It’s an unusual rags to riches story that takes a two-year spiritual break in the fiery heroine’s trajectory from theatrical call-girl to Empress of Rome, but Theodora of Constantinople was the least usual of heroines.
Not only did this sixth-century young woman jettison a theatrical career that saw her the most successful actress of her day by the age of fifteen – to run away with a lover who was the governor of Libya – but when he summarily dumped her she travelled into the Egyptian desert, there to experience a major religious conversion. For the twenty-one years of her reign as empress beside her husband the Emperor Justinian, Theodora consistently opposed not only her husband, but the mainstream Church’s view on the very nature of the Christ –- she gave a voice to the more esoteric faith of the eastern Christians, especially those in Syria, Egypt and the Levant. The Orthodox Church still regards her as a saint. While the very few Theodora stories that have been passed down to us through history decry her salacious ways and her desire for power, they always also acknowledge her passionate faith.
It’s unexpected to be faithful today. It’s definitely not cool, or interesting. Atheism, certainly in Britain, and possibly in London even more so, is, if not the norm, then easily as usual as agnosticism. I realise this isn’t the case in the USA where your president still ends his broadcasts “God bless America,” but our prime minister would be laughed off screen if he tried that, and though the queen is nominally both head of state and head of the Church of England, everyone knows that those two things came about because Henry the Eighth wanted to wrest power from the Pope and to marry Anne Boleyn. His decision to join divine rule to a new church might have made it easier for him to marry again, it also ensured that no British monarch would ever be taken seriously as "God-given."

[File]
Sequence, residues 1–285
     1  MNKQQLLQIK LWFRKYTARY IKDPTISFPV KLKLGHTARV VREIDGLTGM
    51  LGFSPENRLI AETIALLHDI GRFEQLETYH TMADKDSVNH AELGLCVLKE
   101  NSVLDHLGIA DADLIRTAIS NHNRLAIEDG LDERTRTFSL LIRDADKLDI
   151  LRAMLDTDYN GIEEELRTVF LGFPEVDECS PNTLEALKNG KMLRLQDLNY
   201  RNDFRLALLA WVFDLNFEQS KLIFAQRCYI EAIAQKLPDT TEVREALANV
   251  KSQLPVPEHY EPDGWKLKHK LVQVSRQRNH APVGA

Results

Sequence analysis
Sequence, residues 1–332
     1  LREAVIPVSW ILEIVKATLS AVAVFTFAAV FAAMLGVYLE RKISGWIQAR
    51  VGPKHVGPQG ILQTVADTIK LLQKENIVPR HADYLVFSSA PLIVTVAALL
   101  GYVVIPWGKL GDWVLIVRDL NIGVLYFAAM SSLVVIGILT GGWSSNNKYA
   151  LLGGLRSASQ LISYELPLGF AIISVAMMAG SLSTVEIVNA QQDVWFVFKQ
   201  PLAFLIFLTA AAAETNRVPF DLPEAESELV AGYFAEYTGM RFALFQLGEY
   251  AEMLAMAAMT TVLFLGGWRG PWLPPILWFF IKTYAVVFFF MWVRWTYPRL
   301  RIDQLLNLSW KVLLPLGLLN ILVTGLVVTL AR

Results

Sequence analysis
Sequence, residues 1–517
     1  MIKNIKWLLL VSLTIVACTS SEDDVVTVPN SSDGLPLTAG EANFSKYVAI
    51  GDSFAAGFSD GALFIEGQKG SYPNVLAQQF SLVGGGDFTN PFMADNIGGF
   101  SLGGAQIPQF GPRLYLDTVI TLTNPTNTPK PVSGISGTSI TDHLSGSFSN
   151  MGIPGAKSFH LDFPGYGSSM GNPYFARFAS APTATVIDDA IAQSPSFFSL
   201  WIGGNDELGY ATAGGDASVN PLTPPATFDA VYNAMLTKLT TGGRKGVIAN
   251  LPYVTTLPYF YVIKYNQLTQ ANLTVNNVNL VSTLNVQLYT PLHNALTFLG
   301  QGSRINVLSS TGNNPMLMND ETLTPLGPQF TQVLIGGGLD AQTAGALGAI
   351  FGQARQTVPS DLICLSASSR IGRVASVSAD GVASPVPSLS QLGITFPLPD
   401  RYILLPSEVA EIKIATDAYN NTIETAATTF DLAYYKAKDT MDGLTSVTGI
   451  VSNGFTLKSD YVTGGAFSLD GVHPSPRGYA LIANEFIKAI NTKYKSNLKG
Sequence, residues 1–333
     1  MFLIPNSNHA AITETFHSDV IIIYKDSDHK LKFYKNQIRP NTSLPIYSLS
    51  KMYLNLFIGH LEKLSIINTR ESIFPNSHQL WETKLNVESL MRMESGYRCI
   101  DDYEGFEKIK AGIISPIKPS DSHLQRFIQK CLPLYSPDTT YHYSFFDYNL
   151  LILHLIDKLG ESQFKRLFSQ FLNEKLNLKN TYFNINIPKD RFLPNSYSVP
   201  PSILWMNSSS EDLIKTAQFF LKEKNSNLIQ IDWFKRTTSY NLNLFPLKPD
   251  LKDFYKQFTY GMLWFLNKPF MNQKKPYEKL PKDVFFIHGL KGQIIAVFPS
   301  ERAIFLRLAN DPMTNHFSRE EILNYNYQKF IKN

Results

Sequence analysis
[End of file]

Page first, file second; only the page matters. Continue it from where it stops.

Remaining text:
When I started researching Theodora for my first historical novel, one of the most interesting things about her was her faith. Faith is an integral part of this powerful, passionate, opinionated character. I don’t believe we should only write what we ourselves have lived, nor am I interested in turning my personal life into fiction. In my past few books I’ve written about a white working class London man of sixty-seven, a young British-Pakistani man of twenty-six, a woman in her thirties living with –- and dying of –- terminal illness, and a fairy princess who cuts out the heart that re-grows daily, in order never to fall in love. I like making things up, and I have loved finding out about other people and other ideas in order to write them. But writing about Theodora has given me a chance to write about a character for whom faith is a central part of life –- as it is for me.
I was brought up Roman Catholic -– the kind you often find in small town New Zealand –- generous, warm, with a large Polynesian population in the church, an outward-looking belief that was as much about good works as anything else. But while I am grateful to have been brought up in a family that understood faith, spirit, I also knew Catholicism wasn’t for me, and so I began my own quest in my late teens. In my early twenties I returned to London where I was born, and here I met the Buddhism I’ve now practiced for twenty-five years, over half my life.
I don’t fit the usual stereotype of a Buddhist –- people generally think of me as engaged, political, loud. I like a drink, I like a party, I like people. But I also crave time alone, peace and solitude, time to myself. The usual writer’s life in fact –- two-thirds of the time working alone, the other third right out there, engaging with readers, talking about work, finding new stories through engagement with others. The Buddhism I practice, a chanting, community-based form, is all about going out into the world, the opposite of the western idea of Buddhism and much closer to the truth the of original Buddha –- who after all, found enlightenment sitting under the bodhi tree, having lived among people for years, not hiding away in some mountain retreat.